But there's an important caveat: only $4,512 has been cumulatively wagered, underscoring the current limitations of prediction markets, hamstrung by regulations when they operate in the U.S. and by the clunkiness of crypto when they don't.
On the question "SBF guilty of all charges?" "yes" contracts were trading at 59 cents Thursday morning – which equates to traders seeing a 59% chance he will be – as the judge began reading out instructions to the jury after a month of hearing testimony and lawyers' arguments in the case. Each contract pays out $1 if the prediction turns out to be true, and zilch if it is false. "No" contracts were priced at 41 cents.
The low volume could be read as an indication that crypto traders have moved on from the saga of Bankman-Fried, who stands accused of pilfering money that belonged to customers of his now-bankrupt cryptocurrency exchange FTX.
After all, there are larger markets on Polymarket – the biggest, which concerns the outcome of the 2024 U.S. presidential election, had $5 million of bets outstanding so far Thursday.
But there are other factors limiting participation.
For starters, U.S. residents are not allowed to trade on Polymarket under a 2022 settlement with the Commodity Futures Trading Commission (CFTC), so the platform is locked out of the world's largest economy. And traders in other countries can't bet in their local currencies, but must first buy and then deposit one of several cryptocurrencies (ETH, USDC or USDT), filtering out the "normies."
But Polymarket at least enjoys the freedom to host bets on spicy topics like the outcome of a criminal trial. The two mainstream U.S. prediction markets, which settle their bets in dollars, are, by comparison, straitjacketed.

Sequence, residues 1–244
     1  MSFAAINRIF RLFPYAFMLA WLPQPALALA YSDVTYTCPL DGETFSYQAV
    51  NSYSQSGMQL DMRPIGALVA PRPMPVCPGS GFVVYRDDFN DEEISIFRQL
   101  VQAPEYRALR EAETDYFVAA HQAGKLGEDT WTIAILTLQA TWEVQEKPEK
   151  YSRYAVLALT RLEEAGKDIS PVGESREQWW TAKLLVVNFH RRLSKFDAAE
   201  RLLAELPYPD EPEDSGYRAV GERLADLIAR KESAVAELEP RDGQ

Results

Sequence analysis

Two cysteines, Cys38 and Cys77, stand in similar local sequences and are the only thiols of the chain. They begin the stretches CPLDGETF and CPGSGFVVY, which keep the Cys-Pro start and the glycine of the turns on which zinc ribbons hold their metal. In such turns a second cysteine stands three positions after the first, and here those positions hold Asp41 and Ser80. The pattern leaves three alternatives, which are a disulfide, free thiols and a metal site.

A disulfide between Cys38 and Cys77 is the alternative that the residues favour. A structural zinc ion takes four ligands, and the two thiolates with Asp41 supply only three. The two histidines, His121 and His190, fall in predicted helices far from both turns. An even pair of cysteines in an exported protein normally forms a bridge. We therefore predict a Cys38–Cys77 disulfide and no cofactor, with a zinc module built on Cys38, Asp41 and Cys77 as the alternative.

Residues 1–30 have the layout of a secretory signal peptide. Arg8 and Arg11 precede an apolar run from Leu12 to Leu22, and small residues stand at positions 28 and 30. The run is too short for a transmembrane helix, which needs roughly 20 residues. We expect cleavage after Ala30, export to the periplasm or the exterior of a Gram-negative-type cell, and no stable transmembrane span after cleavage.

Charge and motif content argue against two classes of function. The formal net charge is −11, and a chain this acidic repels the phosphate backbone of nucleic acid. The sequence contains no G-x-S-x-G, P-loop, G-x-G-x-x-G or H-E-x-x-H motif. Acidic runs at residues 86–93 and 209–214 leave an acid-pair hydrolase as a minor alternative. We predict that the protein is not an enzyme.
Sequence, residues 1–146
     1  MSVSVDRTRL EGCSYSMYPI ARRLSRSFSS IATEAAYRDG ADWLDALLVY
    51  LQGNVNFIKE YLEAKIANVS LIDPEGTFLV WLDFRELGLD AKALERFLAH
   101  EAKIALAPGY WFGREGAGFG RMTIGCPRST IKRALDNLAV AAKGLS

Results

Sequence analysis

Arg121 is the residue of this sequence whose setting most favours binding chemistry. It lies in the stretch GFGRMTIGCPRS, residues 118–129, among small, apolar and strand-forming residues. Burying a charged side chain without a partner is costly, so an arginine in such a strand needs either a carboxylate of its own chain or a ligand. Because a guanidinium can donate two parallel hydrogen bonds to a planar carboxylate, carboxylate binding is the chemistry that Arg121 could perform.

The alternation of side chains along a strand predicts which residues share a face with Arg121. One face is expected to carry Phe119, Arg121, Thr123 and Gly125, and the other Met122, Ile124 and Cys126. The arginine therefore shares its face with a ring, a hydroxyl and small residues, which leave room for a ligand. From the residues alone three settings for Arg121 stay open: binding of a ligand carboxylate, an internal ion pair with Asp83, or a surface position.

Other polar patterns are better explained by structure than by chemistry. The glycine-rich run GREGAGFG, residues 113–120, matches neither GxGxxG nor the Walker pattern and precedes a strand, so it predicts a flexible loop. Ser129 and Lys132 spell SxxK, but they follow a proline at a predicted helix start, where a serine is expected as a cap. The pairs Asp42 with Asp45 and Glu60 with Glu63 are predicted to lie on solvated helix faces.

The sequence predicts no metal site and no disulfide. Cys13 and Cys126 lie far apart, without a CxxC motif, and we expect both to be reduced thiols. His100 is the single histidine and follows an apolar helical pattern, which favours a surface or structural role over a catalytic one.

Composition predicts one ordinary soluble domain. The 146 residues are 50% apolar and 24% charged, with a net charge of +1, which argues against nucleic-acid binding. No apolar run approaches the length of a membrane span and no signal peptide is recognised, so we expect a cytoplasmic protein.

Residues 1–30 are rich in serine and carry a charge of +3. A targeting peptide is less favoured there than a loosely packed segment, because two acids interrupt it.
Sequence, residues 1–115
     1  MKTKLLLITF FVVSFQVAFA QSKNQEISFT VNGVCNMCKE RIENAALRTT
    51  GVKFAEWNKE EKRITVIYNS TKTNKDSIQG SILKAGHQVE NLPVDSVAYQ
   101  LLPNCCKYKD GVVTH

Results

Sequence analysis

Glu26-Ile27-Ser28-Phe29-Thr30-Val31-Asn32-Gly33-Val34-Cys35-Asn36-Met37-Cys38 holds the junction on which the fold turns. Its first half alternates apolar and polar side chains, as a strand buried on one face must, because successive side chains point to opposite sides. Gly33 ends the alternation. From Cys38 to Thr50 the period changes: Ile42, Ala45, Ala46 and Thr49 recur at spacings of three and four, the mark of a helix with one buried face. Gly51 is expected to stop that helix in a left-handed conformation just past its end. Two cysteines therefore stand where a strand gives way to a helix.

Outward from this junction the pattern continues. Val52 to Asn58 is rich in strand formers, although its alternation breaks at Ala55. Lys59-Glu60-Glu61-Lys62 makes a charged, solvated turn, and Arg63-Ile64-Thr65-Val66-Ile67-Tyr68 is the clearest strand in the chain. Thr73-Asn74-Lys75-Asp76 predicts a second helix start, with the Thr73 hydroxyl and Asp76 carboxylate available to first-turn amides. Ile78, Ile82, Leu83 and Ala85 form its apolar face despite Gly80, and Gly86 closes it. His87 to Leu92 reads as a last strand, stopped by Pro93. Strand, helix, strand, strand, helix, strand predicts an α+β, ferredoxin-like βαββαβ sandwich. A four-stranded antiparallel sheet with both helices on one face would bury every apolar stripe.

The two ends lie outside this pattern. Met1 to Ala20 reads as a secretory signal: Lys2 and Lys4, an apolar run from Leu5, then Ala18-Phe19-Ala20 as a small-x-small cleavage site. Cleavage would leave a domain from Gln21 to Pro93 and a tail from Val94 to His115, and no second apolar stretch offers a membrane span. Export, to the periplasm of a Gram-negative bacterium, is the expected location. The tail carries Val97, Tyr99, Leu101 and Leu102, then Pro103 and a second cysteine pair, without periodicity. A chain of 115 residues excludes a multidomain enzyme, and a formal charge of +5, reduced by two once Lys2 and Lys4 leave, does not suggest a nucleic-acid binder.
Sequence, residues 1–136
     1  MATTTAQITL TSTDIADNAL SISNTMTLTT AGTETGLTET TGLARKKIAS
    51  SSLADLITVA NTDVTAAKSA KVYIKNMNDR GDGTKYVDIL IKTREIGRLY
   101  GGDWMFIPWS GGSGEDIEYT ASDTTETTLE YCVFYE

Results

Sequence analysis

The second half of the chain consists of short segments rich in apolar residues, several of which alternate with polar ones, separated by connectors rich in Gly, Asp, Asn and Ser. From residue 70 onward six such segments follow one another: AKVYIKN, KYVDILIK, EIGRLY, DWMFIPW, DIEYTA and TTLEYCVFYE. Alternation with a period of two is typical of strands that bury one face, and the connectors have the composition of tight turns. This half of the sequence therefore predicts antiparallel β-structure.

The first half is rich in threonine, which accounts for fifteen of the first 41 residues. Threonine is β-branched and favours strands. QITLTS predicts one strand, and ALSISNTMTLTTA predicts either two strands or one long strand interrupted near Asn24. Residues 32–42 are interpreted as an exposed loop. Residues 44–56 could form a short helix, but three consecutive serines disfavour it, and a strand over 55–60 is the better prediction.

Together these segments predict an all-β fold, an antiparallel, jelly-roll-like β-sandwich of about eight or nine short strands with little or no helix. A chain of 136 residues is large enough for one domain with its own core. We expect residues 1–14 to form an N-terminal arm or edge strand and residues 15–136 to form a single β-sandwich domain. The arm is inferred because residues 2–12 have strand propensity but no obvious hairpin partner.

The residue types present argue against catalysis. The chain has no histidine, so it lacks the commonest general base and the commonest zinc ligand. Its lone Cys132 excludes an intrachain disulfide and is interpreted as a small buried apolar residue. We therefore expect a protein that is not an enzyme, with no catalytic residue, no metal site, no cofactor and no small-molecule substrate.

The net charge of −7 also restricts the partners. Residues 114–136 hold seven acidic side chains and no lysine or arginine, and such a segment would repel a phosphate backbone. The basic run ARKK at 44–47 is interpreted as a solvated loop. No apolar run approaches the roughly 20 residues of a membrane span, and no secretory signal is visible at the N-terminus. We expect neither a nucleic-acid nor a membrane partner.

Kalshi, the first and only federally regulated U.S. exchange devoted to trading on event outcomes, is required to certify compliance and/or seek approval from the CFTC for every market it lists. On Wednesday, the company sued the regulator for denying its application to list a market on the relatively anodyne question of which party will control each chamber of the U.S. Congress after an election.
The situation makes it difficult to say how powerful prediction markets could potentially be in helping to forecast significant events. Theoretically, because traders are putting their money where their mouths are, they are at a minimum honestly expressing their beliefs about what will happen, in contrast to media pundits with no skin in the game. But the limited lucrativeness and obstacles to onboarding likely constrain the number of people with real expertise on a given topic who are able or willing to participate.
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